Curriculum Vitae et Studiorum
My Vita in PDF format

Ph.D. in Computational Science and Informatics, Track in Computational Itelligence and Knowledge Mining
George Mason University, 2005

M.S. in Computer Science, Track in Artificial Intelligence and Machine Learning
George Mason University, 2000

B.S. in Computer Science, Track in Computer Networks
The Catholic University of America, 1998

In 2013 I received the 'Medaglia di Rappresentanza' from the Italian Ambassador on behalf of the president of the Italian Republic

Medaglia di Rappresentanza


My Ph.D. Lineage

PhD Tree



Research Interests
My formal background is in Computational Science and Remote Sensing, and my research focuses on the development and application of computational algorithms for the analysis of spatio-temporal remote sensing, numerical modeling and social media “Big Data” related to environmental hazards and renewable energy.  My research falls under the general description of CyberScience and can be summarized as a tripartite of tools, data and topics.

  • Tools: GeoInformatics is the framework that provides the geospatial analysis tools, primarily based on spatio-temporal data mining, machine learning and artificial intelligence.

  • Data: Remote sensing, numerical simulations, and social media are the primary source of ‘big data’ used in the analysis.

  • Topic: Environmental hazards and renewable energy are the challenging problems of high societal impact addressed.

Currently, I work on three projects, and I am constantly looking for new collaboration and new students.

  1. The fusion of remote sensing, numerical model and social media data during emergencies. Remote sensing is the de-facto standard in observing the Earth and its environment during emergencies, but gaps in the data are inevitable due to sensor limitations of atmospheric opacity. The goal is to ‘fill the gaps’ in remote sensing observations using social media data, other non-authoritative sources, and numerical models. This project is currently being funded by DOT and by ONR.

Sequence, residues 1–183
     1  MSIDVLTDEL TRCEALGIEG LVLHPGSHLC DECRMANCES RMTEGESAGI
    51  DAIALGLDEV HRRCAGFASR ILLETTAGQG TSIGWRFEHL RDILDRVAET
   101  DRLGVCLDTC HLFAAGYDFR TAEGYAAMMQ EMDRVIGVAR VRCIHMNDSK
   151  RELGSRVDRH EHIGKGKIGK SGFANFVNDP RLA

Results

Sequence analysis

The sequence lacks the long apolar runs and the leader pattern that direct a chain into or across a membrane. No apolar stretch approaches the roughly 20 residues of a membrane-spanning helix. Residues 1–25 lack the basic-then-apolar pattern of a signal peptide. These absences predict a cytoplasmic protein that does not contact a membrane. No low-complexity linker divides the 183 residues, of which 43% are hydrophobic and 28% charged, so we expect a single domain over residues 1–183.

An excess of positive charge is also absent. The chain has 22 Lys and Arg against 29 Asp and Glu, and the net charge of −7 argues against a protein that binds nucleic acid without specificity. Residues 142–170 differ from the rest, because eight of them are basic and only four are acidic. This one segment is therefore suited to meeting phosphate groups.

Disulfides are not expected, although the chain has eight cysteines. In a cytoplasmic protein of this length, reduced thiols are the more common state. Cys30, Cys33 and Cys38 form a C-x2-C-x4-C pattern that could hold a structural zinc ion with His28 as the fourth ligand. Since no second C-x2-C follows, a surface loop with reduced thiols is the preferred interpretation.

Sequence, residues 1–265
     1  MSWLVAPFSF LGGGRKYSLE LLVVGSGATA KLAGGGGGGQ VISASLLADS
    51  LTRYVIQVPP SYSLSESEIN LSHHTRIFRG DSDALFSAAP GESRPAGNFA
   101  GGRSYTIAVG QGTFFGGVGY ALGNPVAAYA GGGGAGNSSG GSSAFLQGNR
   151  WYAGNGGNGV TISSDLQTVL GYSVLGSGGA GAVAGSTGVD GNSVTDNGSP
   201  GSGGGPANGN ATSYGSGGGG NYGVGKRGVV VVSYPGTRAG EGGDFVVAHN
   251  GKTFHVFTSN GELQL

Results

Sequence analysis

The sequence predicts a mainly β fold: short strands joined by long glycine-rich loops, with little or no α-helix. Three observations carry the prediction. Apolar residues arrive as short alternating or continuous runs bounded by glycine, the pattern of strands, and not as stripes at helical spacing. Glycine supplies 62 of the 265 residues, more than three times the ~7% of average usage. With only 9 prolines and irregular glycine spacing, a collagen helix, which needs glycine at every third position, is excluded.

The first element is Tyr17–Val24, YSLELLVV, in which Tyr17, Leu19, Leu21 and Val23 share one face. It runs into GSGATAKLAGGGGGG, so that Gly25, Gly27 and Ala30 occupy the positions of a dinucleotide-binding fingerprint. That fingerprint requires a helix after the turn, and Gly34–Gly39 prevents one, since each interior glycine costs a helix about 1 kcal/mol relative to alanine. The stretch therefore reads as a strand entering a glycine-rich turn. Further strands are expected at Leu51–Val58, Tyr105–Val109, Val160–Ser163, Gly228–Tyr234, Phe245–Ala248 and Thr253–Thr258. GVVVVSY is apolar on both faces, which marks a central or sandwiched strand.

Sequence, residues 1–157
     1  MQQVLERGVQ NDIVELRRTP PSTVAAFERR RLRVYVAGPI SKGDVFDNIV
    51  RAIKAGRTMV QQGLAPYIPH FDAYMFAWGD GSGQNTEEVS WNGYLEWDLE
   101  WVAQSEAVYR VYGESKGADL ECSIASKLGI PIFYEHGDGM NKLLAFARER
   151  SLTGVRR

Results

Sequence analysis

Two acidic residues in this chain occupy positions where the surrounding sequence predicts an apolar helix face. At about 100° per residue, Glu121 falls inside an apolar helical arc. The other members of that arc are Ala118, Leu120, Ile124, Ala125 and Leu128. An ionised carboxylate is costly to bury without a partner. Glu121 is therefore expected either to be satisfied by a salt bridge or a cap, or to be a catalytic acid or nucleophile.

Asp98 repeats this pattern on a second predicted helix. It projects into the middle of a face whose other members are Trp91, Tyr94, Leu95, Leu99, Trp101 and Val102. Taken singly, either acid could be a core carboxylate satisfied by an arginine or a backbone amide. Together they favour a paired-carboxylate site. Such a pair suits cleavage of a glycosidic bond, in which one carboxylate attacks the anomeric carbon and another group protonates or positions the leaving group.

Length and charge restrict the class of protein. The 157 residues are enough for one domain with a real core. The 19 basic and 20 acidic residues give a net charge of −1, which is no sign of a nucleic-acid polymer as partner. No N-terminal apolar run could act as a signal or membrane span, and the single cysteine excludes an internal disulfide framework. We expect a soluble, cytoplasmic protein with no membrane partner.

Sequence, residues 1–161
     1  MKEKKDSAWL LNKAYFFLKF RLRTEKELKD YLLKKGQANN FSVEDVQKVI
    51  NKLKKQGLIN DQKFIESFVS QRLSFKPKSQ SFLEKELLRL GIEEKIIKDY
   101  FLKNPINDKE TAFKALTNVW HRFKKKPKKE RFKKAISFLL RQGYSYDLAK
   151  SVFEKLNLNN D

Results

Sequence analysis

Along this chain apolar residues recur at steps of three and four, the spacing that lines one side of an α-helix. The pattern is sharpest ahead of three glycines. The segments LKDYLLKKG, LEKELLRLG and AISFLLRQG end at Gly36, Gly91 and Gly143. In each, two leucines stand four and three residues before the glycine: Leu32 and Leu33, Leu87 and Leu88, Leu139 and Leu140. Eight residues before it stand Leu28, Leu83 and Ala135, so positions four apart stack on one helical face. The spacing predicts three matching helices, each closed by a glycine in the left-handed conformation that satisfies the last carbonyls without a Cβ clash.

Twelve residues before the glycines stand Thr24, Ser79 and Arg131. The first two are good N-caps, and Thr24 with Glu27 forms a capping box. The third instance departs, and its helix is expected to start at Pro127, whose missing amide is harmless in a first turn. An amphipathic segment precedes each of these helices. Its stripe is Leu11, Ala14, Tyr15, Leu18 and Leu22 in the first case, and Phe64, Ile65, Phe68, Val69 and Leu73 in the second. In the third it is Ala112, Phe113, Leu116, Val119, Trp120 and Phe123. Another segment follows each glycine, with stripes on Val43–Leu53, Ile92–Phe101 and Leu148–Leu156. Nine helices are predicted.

2. Using GeoInformatics to optimize numerical model forecasts for renewable energy.  Given a single deterministic future forecast, and a history of past forecasts and associated observations, the goal is to build a probabilistic forecast that captures the risk of over- or under-producing electricity. This project is also partially supported by DoE and Xcel Energy through NCAR, and my code is being used operationally by Xcel Energy.

  3. The source  characterization of unknown and potentially toxic pollutants using remote sensing, numerical models and ground sensor measurements. I reconstructed the non-steady release rate for the radioactive leak at the Fukushima nuclear power plant. The methodology I developed uses an evolutionary (genetic) algorithm guided by machine learning rule induction. This work is currently being supported by ONR.  


Guido Cervone
Associate Professor
Department of Geography and Institute for CyberScience
The Pennsylvania State University
Affiliate Scientist
Research Application Laboratory
National Center for Atmospheric Research